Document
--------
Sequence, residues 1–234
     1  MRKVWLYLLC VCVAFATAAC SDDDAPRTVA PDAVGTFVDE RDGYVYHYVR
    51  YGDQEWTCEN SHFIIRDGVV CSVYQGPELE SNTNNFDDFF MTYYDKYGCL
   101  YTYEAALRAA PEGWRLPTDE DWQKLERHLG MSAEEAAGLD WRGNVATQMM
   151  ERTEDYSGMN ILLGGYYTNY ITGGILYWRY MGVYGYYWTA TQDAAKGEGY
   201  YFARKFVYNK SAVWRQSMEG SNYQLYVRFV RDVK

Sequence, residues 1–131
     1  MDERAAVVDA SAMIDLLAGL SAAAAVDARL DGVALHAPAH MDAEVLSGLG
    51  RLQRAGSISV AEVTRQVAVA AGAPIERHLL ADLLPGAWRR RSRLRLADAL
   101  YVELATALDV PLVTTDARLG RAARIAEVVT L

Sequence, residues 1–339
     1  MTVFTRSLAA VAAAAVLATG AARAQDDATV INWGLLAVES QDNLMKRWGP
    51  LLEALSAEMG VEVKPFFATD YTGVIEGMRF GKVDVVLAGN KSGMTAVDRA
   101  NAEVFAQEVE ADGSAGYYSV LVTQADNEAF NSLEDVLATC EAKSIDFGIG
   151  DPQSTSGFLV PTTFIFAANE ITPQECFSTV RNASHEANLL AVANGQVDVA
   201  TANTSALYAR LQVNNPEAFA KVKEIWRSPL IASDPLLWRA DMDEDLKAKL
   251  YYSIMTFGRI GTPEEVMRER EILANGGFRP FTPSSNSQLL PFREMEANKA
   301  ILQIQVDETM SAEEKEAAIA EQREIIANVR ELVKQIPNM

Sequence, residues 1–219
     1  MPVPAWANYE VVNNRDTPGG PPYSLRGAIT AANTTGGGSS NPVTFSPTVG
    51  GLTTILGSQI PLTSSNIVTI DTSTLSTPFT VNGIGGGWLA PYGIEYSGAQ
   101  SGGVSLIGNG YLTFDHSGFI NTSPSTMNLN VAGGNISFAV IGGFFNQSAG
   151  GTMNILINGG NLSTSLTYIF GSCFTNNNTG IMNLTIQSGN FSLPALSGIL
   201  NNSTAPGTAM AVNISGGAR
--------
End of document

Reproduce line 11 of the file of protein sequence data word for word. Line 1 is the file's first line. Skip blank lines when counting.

Sequence, residues 1–339